Patrizia Cavazzoni on Monday became the permanent director of the FDA’s Center for Drug Evaluation and Research, which puts to rest the idea that Janet Woodcock, Cavazzoni’s predecessor, might return to lead CDER if she isn’t made permanent commissioner.

Woodcock, who’s currently serving as acting commissioner and principal medical advisor to the commissioner, a position she was detailed to last year, may not make the move to permanent commissioner because of lingering questions from Senate Democrats. She previously served as director of CDER since 1994. Cavazzoni took over as acting director of CDER when Woodcock moved over to Operation Warp Speed to run the therapeutics side of the Trump-era program.

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Pascal Soriot (AstraZeneca via YouTube)

Af­ter be­ing goad­ed to sell the com­pa­ny, Alex­ion's CEO set some am­bi­tious new goals for in­vestors. Then Pas­cal So­ri­ot came call­ing

Back in the spring of 2020, Alexion $ALXN CEO Ludwig Hantson was under considerable pressure to perform and had been for months. Elliott Advisers had been applying some high public heat on the biotech’s numbers. And in reaching out to some major stockholders, one thread of advice came through loud and clear: Sell the company or do something dramatic to change the narrative.

In the words of the rather dry SEC filing that offers a detailed backgrounder on the buyout deal, Alexion stated: ‘During the summer and fall of 2020, Alexion also continued to engage with its stockholders, and in these interactions, several stockholders encouraged the company to explore strategic alternatives.’

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Anand Shah (FDA)

For­mer head of FDA’s med­ical and sci­en­tif­ic af­fairs on Covid: ‘FDA has nev­er been test­ed like this’

Anand Shah has served the American public in a unique way, crisscrossing over the last two administrations between serving as an attending radiation oncologist focused on prostate cancer at NIH, serving as CMO at the Center for Medicare and Medicaid Innovation, and most recently, leading the FDA’s operations on medical and scientific affairs from within the commissioner’s office.

Shah, who stepped down from the FDA in January, caught up with Endpoints News in a phone interview on Tuesday afternoon, offering his thoughts on the agency’s latest decision to pause the J&J vaccinations in the US, and reflecting on his time at an agency during this once-in-a-lifetime pandemic.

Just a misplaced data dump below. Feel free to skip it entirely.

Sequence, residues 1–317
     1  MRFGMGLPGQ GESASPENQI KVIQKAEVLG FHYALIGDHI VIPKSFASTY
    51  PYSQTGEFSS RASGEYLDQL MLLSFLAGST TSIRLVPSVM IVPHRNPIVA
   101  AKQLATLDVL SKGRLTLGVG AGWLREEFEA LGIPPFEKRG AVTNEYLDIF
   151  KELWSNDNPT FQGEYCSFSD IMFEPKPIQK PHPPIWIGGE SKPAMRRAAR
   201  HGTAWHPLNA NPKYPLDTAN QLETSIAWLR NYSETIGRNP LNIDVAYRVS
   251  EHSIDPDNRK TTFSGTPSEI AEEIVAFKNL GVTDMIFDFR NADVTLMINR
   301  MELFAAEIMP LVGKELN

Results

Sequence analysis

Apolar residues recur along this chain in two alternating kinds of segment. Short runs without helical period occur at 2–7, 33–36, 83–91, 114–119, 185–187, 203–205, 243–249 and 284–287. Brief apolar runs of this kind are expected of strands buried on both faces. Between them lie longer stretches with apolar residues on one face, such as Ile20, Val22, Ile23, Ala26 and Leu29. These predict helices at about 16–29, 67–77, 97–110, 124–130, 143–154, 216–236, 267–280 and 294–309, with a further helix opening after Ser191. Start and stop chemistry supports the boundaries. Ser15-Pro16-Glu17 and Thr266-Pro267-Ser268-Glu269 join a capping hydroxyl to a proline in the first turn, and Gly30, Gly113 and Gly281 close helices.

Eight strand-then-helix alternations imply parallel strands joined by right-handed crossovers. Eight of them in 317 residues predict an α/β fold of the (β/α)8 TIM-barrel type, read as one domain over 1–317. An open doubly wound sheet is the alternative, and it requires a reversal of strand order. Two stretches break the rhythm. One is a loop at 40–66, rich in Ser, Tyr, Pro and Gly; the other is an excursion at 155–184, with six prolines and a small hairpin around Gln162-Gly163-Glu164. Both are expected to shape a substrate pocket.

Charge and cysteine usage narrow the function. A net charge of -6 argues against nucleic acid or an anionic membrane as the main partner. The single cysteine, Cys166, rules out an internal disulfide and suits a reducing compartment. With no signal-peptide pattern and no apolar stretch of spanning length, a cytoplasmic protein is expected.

Barbara Weber, Tango Therapeutics CEO (Tango)

It takes two to Tan­go: The biotech us­ing CRISPR to dis­cov­er new can­cer gene tar­gets rides a $353M SPAC deal to Nas­daq

Editor’s note: Interested in following biopharma’s fast-paced IPO market? You can bookmark our IPO Tracker here.

The latest biotech-SPAC deal has arrived, and it’s dancing its way to Nasdaq to the tune of several hundred million dollars.

Tango Therapeutics and its CRISPR-focused search for new cancer genes is reverse merging with Boxer Capital’s blank-check company, the biotech announced Wednesday morning. With a spotlight on three lead programs, Tango expects total proceeds to equal about $353 million in the deal, which includes the roughly $167 million held in the SPAC and an additional $186 million in PIPE financing.

Kristin Fortney, BioAge Labs CEO

An­ti-ag­ing biotech up­start plucks a drug from Am­gen's dis­card pile, piv­ot­ing from heart fail­ure to mus­cle con­di­tions

Back in April 2019, Amgen quietly shut down a Phase I trial for a drug named AMG 986. There was no safety concern; the molecule just didn’t hit the mark on helping the small band of heart failure patients who received it.

A small biotech, though, believes it would stand a chance in the burgeoning anti-aging field.

BioAge Labs has licensed AMG 986 — now renamed BGE-105 — with plans to parlay the existing IND into a quick Phase I trial teasing out the pharmacodynamic effects and set the stage for mid-stage tests focused on acute muscle indications.

Fifth Cir­cuit sides with FTC in ma­jor pay-for-de­lay set­tle­ment case

The US Court of Appeals for the Fifth Circuit on Tuesday upheld the Federal Trade Commission’s ruling that generic drugmaker Impax Laboratories should be charged with antitrust violations for accepting payments worth about $100 million to delay the entry of a generic opioid for more than two years.

The court’s opinion upheld the FTC’s anticompetitive findings on the deal between Impax (now owned by Amneal Pharmaceuticals) and Endo Pharmaceuticals, under which Endo committed to not market an authorized generic, which increased Impax’s projected profits by $24.5 million. Endo agreed to pay Impax credits for the shrunken market that Impax would inherit if, as expected, Endo made a successful hop to a reformulated Opana ER.